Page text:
U.S. flag

An official website of the United States government

Format

Send to:

Choose Destination

Aortic valve stenosis

MedGen UID:
1621
Concept ID:
C0003507
Pathologic Function
Synonym: Aortic stenosis
SNOMED CT: Aortic valve stenosis (60573004); Stenosed aortic valve (60573004)
 
HPO: HP:0001650
Monarch Initiative: MONDO:0042981
OMIM®: 614823

Definition

The presence of a stenosis (narrowing) of the aortic valve. [from HPO]

Conditions with this feature

Mucopolysaccharidosis, MPS-I-S
MedGen UID:
6453
Concept ID:
C0026708
Disease or Syndrome
Mucopolysaccharidosis type I (MPS I) is a progressive multisystem disorder with features ranging over a continuum of severity. While affected individuals have traditionally been classified as having one of three MPS I syndromes (Hurler syndrome, Hurler-Scheie syndrome, or Scheie syndrome), no easily measurable biochemical differences have been identified and the clinical findings overlap. Affected individuals are best described as having either a phenotype consistent with either severe (Hurler syndrome) or attenuated MPS I, a distinction that influences therapeutic options. Severe MPS I. Infants appear normal at birth. Typical early manifestations are nonspecific (e.g., umbilical or inguinal hernia, frequent upper respiratory tract infections before age 1 year). Coarsening of the facial features may not become apparent until after age one year. Gibbus deformity of the lower spine is common and often noted within the first year. Progressive skeletal dysplasia (dysostosis multiplex) involving all bones is universal, as is progressive arthropathy involving most joints. By age three years, linear growth decreases. Intellectual disability is progressive and profound but may not be readily apparent in the first year of life. Progressive cardiorespiratory involvement, hearing loss, and corneal clouding are common. Without treatment, death (typically from cardiorespiratory failure) usually occurs within the first ten years of life. Attenuated MPS I. Clinical onset is usually between ages three and ten years. The severity and rate of disease progression range from serious life-threatening complications leading to death in the second to third decade, to a normal life span complicated by significant disability from progressive joint manifestations and cardiorespiratory disease. While some individuals have no neurologic involvement and psychomotor development may be normal in early childhood, learning disabilities and psychiatric manifestations can be present later in life. Hearing loss, cardiac valvular disease, respiratory involvement, and corneal clouding are common.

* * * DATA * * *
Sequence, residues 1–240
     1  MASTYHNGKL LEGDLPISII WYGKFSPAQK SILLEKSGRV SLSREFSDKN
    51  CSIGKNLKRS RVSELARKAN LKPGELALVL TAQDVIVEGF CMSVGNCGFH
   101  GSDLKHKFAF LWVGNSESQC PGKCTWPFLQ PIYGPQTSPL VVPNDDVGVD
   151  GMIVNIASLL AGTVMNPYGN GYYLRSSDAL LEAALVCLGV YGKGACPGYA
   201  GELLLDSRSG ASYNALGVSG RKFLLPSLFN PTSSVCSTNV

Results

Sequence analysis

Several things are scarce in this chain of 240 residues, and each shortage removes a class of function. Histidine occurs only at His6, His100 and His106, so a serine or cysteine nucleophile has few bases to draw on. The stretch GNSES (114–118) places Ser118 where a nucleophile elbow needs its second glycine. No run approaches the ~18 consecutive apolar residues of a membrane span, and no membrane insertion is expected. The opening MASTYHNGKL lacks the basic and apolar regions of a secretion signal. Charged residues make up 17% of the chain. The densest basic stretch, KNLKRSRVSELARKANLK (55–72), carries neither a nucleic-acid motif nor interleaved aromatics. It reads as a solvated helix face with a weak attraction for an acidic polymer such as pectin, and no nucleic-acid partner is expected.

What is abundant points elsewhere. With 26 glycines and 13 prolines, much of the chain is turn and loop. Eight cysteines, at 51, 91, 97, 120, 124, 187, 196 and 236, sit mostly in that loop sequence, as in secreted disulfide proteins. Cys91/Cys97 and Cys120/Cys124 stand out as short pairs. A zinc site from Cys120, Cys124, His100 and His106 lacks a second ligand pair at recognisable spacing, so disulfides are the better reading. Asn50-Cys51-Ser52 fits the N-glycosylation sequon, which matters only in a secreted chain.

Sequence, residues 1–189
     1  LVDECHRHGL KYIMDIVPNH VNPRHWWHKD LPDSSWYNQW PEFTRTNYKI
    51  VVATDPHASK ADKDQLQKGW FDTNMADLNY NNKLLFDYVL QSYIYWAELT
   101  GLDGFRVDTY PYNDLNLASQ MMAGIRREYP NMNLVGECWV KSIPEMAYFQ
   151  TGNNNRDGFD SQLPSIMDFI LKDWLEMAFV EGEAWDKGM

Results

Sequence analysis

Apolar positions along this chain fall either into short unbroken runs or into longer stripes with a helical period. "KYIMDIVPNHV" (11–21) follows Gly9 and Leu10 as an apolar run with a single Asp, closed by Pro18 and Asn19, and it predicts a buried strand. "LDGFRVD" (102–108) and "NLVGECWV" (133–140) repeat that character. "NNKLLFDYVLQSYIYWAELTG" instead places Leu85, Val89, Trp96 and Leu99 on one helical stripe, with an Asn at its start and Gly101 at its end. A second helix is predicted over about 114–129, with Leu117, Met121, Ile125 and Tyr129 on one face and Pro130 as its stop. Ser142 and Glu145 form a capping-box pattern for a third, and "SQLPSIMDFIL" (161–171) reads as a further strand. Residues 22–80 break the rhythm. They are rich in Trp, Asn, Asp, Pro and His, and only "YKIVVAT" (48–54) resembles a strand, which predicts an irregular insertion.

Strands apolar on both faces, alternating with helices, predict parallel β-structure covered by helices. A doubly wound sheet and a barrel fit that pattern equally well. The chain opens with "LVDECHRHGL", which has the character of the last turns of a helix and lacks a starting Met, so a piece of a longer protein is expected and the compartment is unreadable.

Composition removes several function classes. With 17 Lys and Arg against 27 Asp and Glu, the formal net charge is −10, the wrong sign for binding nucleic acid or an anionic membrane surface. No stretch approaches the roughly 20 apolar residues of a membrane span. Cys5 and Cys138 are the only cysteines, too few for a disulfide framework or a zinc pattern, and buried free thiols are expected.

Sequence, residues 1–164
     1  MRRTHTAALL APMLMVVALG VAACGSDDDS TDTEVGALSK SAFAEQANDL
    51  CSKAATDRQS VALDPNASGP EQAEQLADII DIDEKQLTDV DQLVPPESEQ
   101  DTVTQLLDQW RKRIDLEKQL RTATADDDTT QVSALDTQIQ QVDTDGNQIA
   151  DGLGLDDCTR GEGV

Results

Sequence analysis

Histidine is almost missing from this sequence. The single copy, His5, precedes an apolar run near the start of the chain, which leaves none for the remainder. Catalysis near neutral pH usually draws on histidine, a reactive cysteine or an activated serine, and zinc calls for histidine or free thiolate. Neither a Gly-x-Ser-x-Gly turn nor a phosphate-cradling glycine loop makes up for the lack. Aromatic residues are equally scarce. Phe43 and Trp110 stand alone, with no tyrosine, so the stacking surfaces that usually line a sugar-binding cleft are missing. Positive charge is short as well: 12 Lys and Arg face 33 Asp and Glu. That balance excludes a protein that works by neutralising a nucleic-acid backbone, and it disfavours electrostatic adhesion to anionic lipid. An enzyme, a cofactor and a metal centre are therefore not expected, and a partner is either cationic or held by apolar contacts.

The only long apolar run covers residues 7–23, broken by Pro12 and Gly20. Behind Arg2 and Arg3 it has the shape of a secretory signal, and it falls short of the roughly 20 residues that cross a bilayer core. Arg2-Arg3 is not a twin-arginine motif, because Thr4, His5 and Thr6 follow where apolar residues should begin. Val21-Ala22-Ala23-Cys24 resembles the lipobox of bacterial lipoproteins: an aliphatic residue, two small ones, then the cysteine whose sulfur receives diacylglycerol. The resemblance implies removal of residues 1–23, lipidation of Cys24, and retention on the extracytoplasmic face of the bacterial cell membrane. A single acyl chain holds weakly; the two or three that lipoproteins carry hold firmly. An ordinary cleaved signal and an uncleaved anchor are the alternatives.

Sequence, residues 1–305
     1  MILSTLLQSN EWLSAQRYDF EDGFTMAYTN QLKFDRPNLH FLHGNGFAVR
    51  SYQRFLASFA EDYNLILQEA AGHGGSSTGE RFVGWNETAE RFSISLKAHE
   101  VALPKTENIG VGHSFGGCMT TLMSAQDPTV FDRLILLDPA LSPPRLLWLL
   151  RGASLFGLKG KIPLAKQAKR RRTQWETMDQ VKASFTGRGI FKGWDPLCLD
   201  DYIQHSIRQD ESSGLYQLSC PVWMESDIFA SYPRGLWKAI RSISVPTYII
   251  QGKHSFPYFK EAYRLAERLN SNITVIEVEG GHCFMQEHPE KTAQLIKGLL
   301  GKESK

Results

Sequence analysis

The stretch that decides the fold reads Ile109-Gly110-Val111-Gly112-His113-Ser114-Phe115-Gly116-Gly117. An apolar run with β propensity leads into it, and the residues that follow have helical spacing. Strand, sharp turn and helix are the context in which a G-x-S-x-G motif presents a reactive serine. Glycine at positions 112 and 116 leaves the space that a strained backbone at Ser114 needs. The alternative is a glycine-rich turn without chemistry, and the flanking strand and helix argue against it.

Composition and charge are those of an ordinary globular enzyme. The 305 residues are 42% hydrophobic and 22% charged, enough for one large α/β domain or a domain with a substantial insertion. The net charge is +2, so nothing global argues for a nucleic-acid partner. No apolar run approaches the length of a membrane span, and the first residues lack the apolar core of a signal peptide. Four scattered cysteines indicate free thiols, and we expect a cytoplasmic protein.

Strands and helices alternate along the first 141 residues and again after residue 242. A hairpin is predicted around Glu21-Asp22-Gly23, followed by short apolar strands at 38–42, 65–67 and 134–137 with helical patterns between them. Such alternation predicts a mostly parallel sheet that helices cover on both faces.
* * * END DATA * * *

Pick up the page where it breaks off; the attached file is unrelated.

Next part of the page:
Mucopolysaccharidosis, MPS-IV-B
MedGen UID:
43376
Concept ID:
C0086652
Disease or Syndrome